This ’59 Sedan DeVille is emblematic of the sheer bigness that has been my summer this year. That’s the gist of my essay for today, to spare any of you from any unnecessary reading in a search for substance beyond that. And what an incredible summer it has been. Waiting for the southbound 147 bus at the end of July, all two-and-a-half tons of this aqua beauty came bounding down North Sheridan Road almost as reinforcement of my philosophy and mission to make the absolute most of this season. I know I succeeded, and with this being the last, official Tuesday of summer, I’m ready to embrace fall with no regrets after three months that included a destination vacation, at least five major art festivals, countless beach days, four museum visits, and an epic, nine-day road trip partially spent traversing my home state of Michigan.
Now, for a little on this ’59 Cadillac before I get started with the other things, in order to provide some foundation for my basic metaphor. In my mind, ’59 is the peak year for midcentury car styling excess, and Cadillacs, from the most prestigious of GM brands, were going to be the most flamboyant by nature and default. This DeVille has all of the things: mile-high tailfins that each housed twin, bullet-shaped taillamps, a giant, bubble-shaped, wraparound windshield as well as a panoramic rear window, length for days, and otherwise exaggerated styling. There were also two different rooflines one could order with your four-door hardtop DeVille (or downmarket Series 62): the four-window design seen here, or a six-window configuration with a small rear-quarter window aft of the back doors.
Unlike a decade later, when Cadillac buyers would show a clear preference for the more expensive DeVille over the lesser Calais models, sales of the closed ’59 Series 62 models bested those of the DeVille by about 6,200 units (59,600 vs. 53,400). DeVille prices were about 10% higher than those of the corresponding Series 62 models, though all were powered by the same 390 cubic-inch V8 engine with 325 horsepower.
S’mores on Huyck Lake. Coldwater, Michigan.
Curiously, both four-door versions of the DeVille shared a $5,498 base price (about $57,800 in 2023), and weighed about the same, at just over 4,800 pounds. Our featured car is one of about 12,300 four-window sedan DeVilles manufactured for ’59, so for it to be trucking along in traffic some sixty-four years later (sporting late-model Cadillac wheel covers) was a noteworthy occurrence as observed by some guy casually waiting for a bus. In all of its size and visual spectacle on display, it reminded me how my summer had been unfolding up to that point, with my commitment to attend a new-to-me happening or festival each weekend as I was able, in addition to just taking it easy.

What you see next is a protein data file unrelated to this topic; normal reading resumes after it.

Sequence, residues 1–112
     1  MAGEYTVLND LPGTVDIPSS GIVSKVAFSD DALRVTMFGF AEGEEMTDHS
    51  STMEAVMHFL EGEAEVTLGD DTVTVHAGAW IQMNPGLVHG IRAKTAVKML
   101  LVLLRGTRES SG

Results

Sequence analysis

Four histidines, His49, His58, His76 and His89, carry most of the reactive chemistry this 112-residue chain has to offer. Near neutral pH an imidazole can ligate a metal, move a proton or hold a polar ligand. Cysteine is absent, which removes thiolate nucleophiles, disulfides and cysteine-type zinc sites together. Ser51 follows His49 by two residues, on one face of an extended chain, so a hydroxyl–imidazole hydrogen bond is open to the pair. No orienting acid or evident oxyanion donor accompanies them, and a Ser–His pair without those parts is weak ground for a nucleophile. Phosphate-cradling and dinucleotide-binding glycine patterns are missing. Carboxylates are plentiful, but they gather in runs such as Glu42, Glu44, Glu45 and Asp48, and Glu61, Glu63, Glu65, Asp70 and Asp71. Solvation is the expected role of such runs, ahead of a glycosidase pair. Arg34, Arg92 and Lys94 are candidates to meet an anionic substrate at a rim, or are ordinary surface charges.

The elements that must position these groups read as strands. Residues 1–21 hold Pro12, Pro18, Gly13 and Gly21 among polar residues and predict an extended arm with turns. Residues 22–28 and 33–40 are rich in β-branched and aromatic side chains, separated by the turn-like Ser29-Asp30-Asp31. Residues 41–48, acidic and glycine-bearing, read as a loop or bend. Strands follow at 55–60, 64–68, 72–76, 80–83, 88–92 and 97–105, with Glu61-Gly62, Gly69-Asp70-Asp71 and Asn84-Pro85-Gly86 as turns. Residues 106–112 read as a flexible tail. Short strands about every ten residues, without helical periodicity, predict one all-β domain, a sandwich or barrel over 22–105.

Dinner at a pub-and-grub in Alpena, Michigan.
I had written earlier about my trip to see friends in greater Phoenix over this July 4th weekend, which was a blast. The crowning event of my summer that was already full of high points was finally having taken one form of the Great American Road Trip that I have mentioned many times here at CC as part of my wish list. This wasn’t a cross-country journey, as I had previously envisioned would be the case, but was rather a canvassing of Michigan over the course of nine days in August, with each stop facilitating a visit with friends, family, or loved ones from one period of my life or another.
The majestic Bluewater Bridge. Port Huron, Michigan.
My standby rental car agency in my neighborhood didn’t have the compact I had reserved and had offered to upgrade me for free to a fast-looking Dodge Charger with something like 200 miles on it. Concerned about gas mileage and with all of the driving I was going to be doing, and in the interest of taking this trip within a reasonable budget, I opted for the newish Subaru Outback that was also newly available and the only other available choice.